I guess I'll start with Thursday morning's remote camera setup in recounting the latest Adventures at Kennedy Space Center.
Remote cameras are necessary because proximity to the launch can be extremely dangerous. Obviously, on the pad, you'd be a crispy critter. But up to a certain distance (I've heard a quarter mile thrown around), the acoustic energy of the launch alone will kill you instantly. Going beyond that, if for some reason there was an on-pad explosion with a fully fueled external tank, the blast danger area covers a three mile radius around the pad. There's also the issue of the launch plume, which contains hazardous chemicals and drifts with the wind.
Anyway, back to the remote cameras - It's possible there will never be a more diverse group of unique, custom-built, and improvised setups than at a shuttle launch. Everywhere you look, you see something creative, weird and clever.
The camera needs to be able to survive for at least 24 hours in the elements. In Florida, especially this time of year, that means driving rain and strong winds, temperature differentials in the morning and evening, fog, and condensation formation. Even if you're protected from all that, a wild animal might decide to wreck your setup, a wildfire could burn it down, or a spider might decide to nest in the lens hood (That has happened!).
Common housings include birdhouses, hand-built wooden boxes, mailboxes, plastic bins, and bags.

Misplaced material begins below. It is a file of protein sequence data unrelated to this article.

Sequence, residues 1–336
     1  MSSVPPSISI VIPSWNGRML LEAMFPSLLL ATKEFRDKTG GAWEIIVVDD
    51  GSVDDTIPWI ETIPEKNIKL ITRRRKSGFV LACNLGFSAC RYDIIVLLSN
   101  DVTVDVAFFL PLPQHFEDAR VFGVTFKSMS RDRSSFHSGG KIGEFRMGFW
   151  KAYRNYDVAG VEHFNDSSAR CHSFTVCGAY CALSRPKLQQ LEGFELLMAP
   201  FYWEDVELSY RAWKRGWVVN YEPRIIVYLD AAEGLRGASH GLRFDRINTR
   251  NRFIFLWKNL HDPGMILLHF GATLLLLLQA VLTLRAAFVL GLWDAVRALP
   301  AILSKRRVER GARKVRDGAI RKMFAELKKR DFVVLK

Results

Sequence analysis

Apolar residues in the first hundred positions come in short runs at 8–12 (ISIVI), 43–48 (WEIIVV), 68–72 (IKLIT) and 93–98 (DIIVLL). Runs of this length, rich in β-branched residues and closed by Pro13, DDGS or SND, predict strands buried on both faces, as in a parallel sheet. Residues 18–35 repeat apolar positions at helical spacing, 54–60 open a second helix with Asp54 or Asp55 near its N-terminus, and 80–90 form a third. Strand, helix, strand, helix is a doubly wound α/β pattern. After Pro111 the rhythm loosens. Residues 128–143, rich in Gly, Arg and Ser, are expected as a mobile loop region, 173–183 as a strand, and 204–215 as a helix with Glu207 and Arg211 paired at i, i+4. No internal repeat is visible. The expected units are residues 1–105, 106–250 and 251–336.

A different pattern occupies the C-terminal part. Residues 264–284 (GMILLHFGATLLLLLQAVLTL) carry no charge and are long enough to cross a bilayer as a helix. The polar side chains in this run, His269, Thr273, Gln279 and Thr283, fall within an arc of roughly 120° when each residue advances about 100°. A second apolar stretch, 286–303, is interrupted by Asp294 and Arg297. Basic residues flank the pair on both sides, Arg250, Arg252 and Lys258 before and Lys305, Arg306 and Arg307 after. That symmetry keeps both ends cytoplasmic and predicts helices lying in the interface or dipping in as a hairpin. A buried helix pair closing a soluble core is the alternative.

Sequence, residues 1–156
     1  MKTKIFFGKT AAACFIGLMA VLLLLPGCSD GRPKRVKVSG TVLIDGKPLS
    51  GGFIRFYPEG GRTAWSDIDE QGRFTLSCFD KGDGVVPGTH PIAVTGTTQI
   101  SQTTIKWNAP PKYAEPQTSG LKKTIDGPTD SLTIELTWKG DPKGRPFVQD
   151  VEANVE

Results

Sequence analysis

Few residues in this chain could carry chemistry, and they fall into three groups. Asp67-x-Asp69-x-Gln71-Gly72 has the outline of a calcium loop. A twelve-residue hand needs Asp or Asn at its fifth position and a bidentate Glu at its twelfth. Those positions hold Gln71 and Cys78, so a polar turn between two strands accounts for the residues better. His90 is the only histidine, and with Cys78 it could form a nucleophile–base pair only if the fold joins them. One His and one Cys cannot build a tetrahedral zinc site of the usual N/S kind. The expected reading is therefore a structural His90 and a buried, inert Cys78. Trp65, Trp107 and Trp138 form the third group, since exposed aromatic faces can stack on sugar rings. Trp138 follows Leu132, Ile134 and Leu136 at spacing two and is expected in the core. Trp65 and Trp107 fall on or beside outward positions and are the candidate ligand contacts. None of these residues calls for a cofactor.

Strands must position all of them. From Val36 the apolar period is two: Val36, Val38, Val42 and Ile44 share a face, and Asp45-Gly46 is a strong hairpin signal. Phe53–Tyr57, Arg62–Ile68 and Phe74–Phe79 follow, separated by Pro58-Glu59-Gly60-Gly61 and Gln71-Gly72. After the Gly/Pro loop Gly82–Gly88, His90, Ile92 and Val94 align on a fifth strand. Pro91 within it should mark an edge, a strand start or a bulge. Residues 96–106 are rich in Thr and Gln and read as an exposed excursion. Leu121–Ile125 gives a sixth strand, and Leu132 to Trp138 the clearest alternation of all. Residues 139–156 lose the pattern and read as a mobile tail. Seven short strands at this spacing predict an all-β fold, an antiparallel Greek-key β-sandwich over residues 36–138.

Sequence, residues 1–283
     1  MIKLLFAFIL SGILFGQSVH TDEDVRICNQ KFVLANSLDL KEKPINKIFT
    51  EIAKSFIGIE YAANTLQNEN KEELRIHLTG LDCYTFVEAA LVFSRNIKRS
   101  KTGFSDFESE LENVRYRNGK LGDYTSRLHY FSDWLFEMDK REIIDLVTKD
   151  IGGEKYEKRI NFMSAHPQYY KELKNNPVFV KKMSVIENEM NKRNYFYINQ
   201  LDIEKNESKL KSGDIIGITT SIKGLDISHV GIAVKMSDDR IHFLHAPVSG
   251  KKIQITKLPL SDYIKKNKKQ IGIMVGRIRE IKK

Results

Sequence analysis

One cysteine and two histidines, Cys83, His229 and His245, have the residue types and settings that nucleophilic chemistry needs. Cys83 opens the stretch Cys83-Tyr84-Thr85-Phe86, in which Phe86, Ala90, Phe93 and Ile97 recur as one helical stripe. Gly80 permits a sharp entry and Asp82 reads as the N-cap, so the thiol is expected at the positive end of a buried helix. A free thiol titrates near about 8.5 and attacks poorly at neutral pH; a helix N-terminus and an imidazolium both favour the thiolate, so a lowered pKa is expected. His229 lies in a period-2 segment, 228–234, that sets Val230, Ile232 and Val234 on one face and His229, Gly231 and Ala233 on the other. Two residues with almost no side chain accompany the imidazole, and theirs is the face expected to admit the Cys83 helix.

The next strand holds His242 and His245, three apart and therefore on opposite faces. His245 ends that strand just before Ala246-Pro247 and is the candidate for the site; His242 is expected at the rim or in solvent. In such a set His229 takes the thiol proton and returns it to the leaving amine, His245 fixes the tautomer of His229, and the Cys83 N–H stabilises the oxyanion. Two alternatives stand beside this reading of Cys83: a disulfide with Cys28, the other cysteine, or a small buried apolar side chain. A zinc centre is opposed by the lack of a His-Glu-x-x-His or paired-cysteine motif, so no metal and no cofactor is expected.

Some groups place dozens of cameras in various locations. At least one photographer I knew spent the entire day out at the pad readying remotes.
The other difficulty is triggering. There are a number of approaches here: Timed triggers, light triggers, and sound/pressure triggers. Some setups combine a timer and a sound trigger - The timer wakes the camera up through the launch window and "listens" for the launch. This aspect likely contributes the most to the failure rate. On average, only about 50% of all remote shuttle launch cameras ever work. That's one of the reasons some groups set up as many cameras as they do.
The setup seen here appears to be using a pressure plate or microphone (Inside the orange bucket) to detect the launch and trigger the cameras:
Here's what my two cameras looked like. Both setups were Canon 30D's using HiViz sound triggers I built at home, all enclosed in Kata bags. It was a very bare-bones setup, with the camera simply staying on and waiting for the shutter circuit to be closed by the sound trigger. If I had more time, I would have set the camera to go to sleep and incorporated a timer to close the "focus" circuit on time and wake the camera back up through the launch window.
The first camera was shooting 50mm and was mounted to a staked-down Tiltall:
That camera failed to trigger completely for reasons I still do not fully understand. It did shoot several frames during a storm, but there were not nearly enough to drain the battery early. The lens was a complete mess as well, with the hood only serving to prevent the front element from drying off. This one was framed tight on the liftoff and I was very disappointed to see it failed.
The second camera was shooting an 18-55 at 18mm on a small tripod placed low to the ground. This one worked and provided the shot I posted earlier.
So there it is, a 50% success rate.
edit: page 2 snipe!